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NASSTRAC Shipper of the Year: Best Buy meets the multi-channel challenge

By John D. Schulz, Contributing Editor
October 01, 2012

As logistics professionals know, there’s more to the supply chain than simply moving product. An innovative supply chain not only connects retailers to manufacturers and customers, but it can offer ancillary benefits including improved inventory control, lower costs, and even cleaner stores.

A leading example of that is Best Buy, the Richfield, Minn.-based “big box” retailer of electronic goods. Faced with rising transportation costs two years ago, Best Buy set out to change its logistics strategy while remodeling some of its 1,059 U.S. retail locations to offer smaller, more intimate shopping environments with a “cleaner” look.

Two years later, Best Buy has reduced transportation expenses by 30 percent per shipment in the stores that were remodeled. Its new transportation network also provided logistics flexibility and created a template that can be plugged in as more of its locations are converted to the new, multi-channel format.

“By reducing transportation expense and providing flexibility, we’re able to remodel Best Buy stores to our new format more efficiently and effectively,” says Peter Zedler, Best Buy’s senior manager for transportation planning and support. “Over the long term, this will enable Best Buy to remodel more stores to a format we feel better services the customer.”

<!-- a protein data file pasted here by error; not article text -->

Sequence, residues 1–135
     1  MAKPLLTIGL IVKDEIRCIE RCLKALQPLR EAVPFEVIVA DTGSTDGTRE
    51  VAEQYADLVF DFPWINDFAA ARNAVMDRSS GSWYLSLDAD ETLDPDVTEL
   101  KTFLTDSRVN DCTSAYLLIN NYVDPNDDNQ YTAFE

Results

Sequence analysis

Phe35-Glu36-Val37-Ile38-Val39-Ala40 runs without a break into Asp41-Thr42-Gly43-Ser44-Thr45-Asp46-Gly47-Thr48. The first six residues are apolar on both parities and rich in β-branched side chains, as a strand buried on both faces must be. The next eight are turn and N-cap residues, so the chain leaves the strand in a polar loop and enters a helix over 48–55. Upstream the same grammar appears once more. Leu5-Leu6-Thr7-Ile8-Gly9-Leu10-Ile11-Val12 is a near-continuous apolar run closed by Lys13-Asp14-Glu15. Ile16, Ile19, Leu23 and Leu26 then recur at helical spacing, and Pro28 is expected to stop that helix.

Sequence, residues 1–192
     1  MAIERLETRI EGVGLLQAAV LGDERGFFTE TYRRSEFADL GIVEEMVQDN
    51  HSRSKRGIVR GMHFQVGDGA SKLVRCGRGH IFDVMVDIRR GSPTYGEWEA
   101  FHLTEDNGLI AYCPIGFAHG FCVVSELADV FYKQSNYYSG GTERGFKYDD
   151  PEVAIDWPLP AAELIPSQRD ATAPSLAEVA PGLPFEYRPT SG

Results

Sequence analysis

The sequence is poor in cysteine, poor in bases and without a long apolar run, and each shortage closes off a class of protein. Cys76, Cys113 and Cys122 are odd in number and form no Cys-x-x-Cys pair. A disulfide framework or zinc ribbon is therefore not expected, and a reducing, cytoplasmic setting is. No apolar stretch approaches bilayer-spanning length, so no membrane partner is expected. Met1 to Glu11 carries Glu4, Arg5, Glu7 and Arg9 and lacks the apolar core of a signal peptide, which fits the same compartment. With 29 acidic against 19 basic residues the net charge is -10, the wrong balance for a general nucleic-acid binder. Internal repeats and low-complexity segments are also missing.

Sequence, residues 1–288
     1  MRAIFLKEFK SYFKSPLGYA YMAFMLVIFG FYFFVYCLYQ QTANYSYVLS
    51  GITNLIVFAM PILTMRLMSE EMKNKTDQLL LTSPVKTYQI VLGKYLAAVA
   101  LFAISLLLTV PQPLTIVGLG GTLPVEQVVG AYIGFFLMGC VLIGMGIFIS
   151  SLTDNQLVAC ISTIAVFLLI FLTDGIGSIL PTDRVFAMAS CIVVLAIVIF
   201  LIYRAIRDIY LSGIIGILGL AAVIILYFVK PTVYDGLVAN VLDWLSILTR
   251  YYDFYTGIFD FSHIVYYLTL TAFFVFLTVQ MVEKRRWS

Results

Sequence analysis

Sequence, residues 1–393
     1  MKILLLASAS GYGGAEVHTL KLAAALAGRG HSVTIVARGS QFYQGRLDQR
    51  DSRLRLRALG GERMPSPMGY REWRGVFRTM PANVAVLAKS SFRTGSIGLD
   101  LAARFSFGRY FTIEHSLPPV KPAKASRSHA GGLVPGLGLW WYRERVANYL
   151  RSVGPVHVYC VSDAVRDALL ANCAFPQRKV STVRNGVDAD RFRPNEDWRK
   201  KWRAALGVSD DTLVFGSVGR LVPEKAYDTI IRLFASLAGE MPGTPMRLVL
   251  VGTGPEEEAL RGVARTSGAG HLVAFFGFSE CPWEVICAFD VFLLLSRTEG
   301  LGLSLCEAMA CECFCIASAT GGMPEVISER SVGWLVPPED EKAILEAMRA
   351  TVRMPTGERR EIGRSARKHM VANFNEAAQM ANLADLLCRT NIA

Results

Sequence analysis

For this innovative thinking, Zedler and Best Buy have been named NASSTRAC’s 2012 Shipper of the Year—the second time the company has received the award in the past eight years. According to NASSTRAC Executive Director Brian Everett, this is the first time that a company has received the coveted award multiple times. “They truly do some innovative things,” says Everett. “Best Buy’s program demonstrates that a retailer, or any shipper for that matter, now has to think about more than just product movement throughout the supply chain.”

Everett calls Best Buy’s innovation “a classic model of inventory postponement,” leveraged in a unique way. “It’s a great supply chain story,” he says. “By having the fixtures and supplies for the upgrade projects closer to the end user or installer, the last-minute changes done during the store remodeling process are more easily accommodated.”

Zedler and Best Buy’s logistics team has also realized huge savings in expedited shipping costs by deploying retail items to the local warehouse in advance of sale date. “By having goods a few miles away from its stores, versus hundreds of miles in the past, changes are handled nimbly and at a far less cost,” Everett says.

Best Buy’s customers are also winners in this. “Our new store format is really about finding a solution for the customer and not shoving as much product in their face as possible,” says Zedler.

About the Author

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John D. Schulz
Contributing Editor

John D. Schulz has been a transportation journalist for more than 20 years, specializing in the trucking industry. He is known to own the fattest Rolodex in the business, and is on a first-name basis with scores of top-level trucking executives who are able to give shippers their latest insights on the industry on a regular basis. This wise Washington owl has performed and produced at some of the highest levels of journalism in his 40-year career, mostly as a Washington newsman.


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